Alongside other female droners such as Grouper and Inca Ore, these ladies have potential to emerge even higher in the underground scene. If pretense was present this would seal the deal, but it will happen naturally as the fallen leaf grazes the placid lake (okay, that was pretentious -- had to get that off my chest) and naturally as their art comes across. The one complaint I can think of is in the vocal department; I would like to hear more pronounced lyrics once in a while. In any case, both sides better get used to being in my Buick’s tape deck rotation. - Zach Katonik

ltd#216: inez lightfootpollen on the brow” c34

straight from the streets of appalachia, inez lightfoot is brewing something magical in her sonic cauldron. hot on the heels of a split tape on stunned and a tape, "pollen on the brow" is an organic spectre filled with heavenly voices swirling around a wooden abyss. field recordings add whimsy while lightfoot's voice, featured more prominently in the mix than past efforts, lights everything it touches. shrouded in a gauzy haze, this is ritualistic music put through a vice and deconstructed into something exquisite.

The Inner World of a Lone Wolf: An Interview with Inez Lightfoot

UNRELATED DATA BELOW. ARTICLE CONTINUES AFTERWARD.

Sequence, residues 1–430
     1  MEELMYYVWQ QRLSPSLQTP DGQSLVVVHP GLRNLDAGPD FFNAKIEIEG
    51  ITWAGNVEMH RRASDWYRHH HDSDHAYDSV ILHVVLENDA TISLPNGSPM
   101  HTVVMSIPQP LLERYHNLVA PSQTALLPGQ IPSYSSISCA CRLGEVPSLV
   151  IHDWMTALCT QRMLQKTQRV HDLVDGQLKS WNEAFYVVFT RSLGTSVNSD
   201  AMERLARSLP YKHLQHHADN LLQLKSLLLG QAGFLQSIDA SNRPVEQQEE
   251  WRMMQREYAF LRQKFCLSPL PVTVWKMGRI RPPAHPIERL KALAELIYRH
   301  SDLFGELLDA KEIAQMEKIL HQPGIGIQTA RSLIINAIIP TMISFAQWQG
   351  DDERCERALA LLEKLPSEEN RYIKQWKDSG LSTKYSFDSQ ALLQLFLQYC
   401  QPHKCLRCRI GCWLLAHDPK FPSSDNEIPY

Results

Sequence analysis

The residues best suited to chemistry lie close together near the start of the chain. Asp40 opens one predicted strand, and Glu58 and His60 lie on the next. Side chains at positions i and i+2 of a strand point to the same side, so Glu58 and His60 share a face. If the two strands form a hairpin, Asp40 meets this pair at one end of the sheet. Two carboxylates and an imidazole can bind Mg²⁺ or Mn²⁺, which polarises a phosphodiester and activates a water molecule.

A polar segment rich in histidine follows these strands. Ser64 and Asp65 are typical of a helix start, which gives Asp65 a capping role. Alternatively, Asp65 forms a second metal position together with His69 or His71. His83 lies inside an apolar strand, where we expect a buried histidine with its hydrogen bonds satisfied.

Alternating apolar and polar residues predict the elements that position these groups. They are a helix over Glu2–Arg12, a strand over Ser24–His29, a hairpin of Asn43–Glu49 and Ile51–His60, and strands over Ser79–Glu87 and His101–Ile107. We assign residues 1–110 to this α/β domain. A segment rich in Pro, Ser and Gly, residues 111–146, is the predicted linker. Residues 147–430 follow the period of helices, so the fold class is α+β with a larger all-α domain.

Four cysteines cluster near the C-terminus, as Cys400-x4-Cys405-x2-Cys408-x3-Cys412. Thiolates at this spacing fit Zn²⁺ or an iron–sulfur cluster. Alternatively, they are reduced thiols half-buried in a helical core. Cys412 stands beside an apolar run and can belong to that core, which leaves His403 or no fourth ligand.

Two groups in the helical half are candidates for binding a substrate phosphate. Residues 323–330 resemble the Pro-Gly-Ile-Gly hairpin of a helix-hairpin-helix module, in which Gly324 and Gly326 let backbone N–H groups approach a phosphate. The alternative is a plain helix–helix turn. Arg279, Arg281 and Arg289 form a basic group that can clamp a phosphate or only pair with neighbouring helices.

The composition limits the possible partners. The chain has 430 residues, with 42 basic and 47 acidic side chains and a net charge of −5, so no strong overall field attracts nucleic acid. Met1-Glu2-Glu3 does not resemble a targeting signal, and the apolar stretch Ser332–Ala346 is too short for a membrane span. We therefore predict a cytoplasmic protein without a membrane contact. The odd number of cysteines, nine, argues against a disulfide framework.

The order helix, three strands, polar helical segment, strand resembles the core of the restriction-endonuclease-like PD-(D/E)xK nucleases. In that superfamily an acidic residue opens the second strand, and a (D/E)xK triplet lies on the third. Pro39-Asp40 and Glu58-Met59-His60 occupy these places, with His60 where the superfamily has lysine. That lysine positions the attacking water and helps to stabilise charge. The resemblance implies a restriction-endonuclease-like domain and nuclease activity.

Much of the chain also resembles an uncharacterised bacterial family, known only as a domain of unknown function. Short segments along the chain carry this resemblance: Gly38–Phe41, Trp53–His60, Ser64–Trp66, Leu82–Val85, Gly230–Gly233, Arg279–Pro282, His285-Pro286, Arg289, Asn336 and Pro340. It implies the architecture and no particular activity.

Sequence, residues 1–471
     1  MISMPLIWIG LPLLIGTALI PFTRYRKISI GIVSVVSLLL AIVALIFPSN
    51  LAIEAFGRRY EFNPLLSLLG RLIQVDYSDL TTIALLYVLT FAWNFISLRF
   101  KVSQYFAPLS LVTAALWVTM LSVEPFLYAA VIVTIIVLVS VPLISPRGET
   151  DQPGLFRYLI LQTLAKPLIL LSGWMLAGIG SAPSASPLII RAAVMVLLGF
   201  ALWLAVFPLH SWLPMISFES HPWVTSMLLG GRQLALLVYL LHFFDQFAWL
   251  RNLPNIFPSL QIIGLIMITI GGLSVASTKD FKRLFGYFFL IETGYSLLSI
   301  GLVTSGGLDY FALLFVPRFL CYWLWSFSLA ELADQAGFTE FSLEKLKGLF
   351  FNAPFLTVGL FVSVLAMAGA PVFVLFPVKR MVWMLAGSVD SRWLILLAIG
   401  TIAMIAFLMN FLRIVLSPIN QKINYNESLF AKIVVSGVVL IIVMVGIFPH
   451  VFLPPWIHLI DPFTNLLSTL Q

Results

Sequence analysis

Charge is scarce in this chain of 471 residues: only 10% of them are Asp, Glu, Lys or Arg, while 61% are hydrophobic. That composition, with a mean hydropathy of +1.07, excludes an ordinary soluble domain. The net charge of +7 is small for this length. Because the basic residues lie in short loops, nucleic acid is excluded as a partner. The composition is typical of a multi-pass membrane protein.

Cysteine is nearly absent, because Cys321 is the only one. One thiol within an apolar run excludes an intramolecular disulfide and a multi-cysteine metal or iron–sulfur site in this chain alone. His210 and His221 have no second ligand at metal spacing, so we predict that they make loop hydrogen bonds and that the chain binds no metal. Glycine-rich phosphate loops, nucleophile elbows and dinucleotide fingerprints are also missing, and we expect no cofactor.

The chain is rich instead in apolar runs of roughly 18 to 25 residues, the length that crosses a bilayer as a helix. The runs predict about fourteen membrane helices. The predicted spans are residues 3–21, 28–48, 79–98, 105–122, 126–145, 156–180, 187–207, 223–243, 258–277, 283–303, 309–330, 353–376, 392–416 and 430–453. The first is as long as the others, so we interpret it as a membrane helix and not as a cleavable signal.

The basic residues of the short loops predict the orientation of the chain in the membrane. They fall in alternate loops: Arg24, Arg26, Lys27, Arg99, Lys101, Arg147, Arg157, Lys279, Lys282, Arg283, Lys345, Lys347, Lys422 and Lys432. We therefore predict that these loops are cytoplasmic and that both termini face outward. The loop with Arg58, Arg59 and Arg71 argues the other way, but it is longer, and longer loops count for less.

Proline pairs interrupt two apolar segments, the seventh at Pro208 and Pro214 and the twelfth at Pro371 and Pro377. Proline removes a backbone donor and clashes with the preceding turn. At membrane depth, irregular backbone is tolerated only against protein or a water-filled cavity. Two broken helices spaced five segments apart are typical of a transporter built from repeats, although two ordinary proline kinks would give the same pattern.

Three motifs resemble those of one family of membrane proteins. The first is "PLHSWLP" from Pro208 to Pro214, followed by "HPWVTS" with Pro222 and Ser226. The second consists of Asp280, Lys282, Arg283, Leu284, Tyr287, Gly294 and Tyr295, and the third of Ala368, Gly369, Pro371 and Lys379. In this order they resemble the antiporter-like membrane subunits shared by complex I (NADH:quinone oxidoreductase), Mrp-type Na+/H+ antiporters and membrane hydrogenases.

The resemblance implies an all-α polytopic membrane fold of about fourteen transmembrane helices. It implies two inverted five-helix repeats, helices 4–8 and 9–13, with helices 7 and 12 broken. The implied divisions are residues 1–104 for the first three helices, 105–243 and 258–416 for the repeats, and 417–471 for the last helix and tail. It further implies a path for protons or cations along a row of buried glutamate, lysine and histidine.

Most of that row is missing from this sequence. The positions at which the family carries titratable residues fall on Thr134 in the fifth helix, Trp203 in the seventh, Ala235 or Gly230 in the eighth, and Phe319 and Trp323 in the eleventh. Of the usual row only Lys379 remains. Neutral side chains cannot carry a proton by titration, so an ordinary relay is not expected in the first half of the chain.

Jackie McDowell is the “lone wolf” creative spirit known as Inez Lightfoot. Currently residing in Portland, OR with hubby Matt and their cat Toody, Jackie keeps herself busy with a wide variety of endeavors, ranging from collaborating with Belgian experimentalist Felicia Atkinson (Je Suis Le Petit Chevalier), to continuously developing her own line of handmade clothing fashioned from salvaged or reclaimed fabrics and notions, to collaborating with her other half both musically (Waterfinder) and through co-running a label (Biological Radio). However, Jackie is perhaps best known for her catalogue of Lightfooted recordings, the likes of which have been released on labels such as Stunned, Ruralfaune, Digitalis Ltd., and most recently, Kim Dawn. Lightfoot’s Kim Dawn release, titled The Ballad of Wandlimb was one of my personal favorites from 2012. I was thrilled to have the pleasure of exchanging a few words with Mrs. Lightfoot, whose hand-sewn-landscapes of sound take the listener by the hand and out into the forest on a wild-mushroom chase, where you find yourself getting lost in the essence of a super-natural dreamworld. What follows is a genuine conversation about music, inspiration, nature, literature, cats, and more…listen in, and watch out for Jackie’s projects throughout the coming year and beyond:
1. Inez Lightfoot is a very striking alias. How did you come up with that moniker and how long have you been recording as I.L.?